Ian McGeechan has spelt out the formidable task facing him and his fellow coaches as they prepare to review the players competing for the final few places on the British & Irish Lions tour to South Africa this summer.
Head Coach McGeechan has his sights set on taking "35 players fit and ready to play" to tackle the Springboks, and has already pencilled in two-thirds of his squad.
In an interview with the Daily Telegraph, McGeechan stressed that he and his fellow selectors will have "an open mind" on the final few places right up to the time of announcing his tour party on April 21.
"This is the biggest challenge the Lions have ever faced. The Springboks are settled and are used to winning, they've got a consistent group of senior players, their back-up strength is impressive and their provinces are strong. Factor in, too, that we've got fewer lead-in games than ever before and it's a formidable prospect," McGeechan told the Telegraph's Mick Cleary.
"We need to leave for South Africa with 35 players fit and ready to play. If someone selected then picks up, say a four-week injury just before we depart, they'll have to go on standby.
"There are still places up for grabs. The final 10 names are invariably what selection is about - we've got to make sure we get the chemistry just right.
"We've got to have an open mind right up to a few days before the Test. We can't jump to conclusions early. Everyone will have a crack at that Lions spot."
McGeechan also claimed he is still pondering over who will captain the tour party. "The captain has got to have a strong character, the respect of others and be able to pull things together quickly. He's got to give off the right tone, be able to deal with tricky situations. There are still three or four names there."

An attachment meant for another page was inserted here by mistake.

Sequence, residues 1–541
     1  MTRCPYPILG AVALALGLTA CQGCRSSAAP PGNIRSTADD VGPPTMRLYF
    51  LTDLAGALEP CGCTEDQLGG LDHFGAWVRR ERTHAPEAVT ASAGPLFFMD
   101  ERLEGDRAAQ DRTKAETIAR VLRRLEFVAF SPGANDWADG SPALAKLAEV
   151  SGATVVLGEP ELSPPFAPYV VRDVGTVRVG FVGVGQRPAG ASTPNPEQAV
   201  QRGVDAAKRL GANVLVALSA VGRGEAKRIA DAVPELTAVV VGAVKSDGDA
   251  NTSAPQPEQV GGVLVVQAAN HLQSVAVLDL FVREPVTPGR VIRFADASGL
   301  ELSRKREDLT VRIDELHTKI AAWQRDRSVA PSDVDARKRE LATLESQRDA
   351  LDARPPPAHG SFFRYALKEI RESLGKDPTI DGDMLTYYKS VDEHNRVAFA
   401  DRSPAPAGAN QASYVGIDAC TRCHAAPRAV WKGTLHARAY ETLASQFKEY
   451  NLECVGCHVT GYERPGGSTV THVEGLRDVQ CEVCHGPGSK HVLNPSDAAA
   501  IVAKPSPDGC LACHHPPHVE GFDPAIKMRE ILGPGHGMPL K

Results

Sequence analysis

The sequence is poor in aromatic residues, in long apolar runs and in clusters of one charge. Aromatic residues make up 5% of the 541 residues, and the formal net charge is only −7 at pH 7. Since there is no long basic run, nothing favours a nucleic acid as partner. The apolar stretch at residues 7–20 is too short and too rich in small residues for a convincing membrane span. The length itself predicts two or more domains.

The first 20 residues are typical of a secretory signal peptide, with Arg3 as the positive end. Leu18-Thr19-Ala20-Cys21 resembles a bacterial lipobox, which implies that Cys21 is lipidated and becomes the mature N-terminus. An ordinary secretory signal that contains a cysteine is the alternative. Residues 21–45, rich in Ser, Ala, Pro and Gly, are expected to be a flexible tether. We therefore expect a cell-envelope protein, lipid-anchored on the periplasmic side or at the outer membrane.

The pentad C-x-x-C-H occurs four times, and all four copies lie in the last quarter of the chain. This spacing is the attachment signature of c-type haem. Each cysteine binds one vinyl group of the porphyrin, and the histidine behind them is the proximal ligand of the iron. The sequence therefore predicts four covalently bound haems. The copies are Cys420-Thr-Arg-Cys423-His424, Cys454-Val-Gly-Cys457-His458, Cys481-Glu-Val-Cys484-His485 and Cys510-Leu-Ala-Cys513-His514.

Any remaining ill-feeling between the Welsh and Irish following Warren Gatland's claim that his players disliked the Irish teams in the build-up to the Six Nations decider has been dismissed by McGeechan. Gatland, along with fellow Welsh coaches Shaun Edwards and Rob Howley, will be joining McGeechan in the Lions coaching team.
"There's no bad blood there. Emotion is no bad thing in rugby - you want people to be right on the edge. You certainly do on a Lions tour," added McGeechan.
"What Warren was saying was, in fact, a back-handed compliment to Irish sides. There's nothing wrong with players squaring up to each other occasionally.
"These are the sorts of Test-match animals you are looking for. You want fighters. That's why Saturday's game in Cardiff was so encouraging. You want guys in a Lions jersey who can go right to the wire and come through."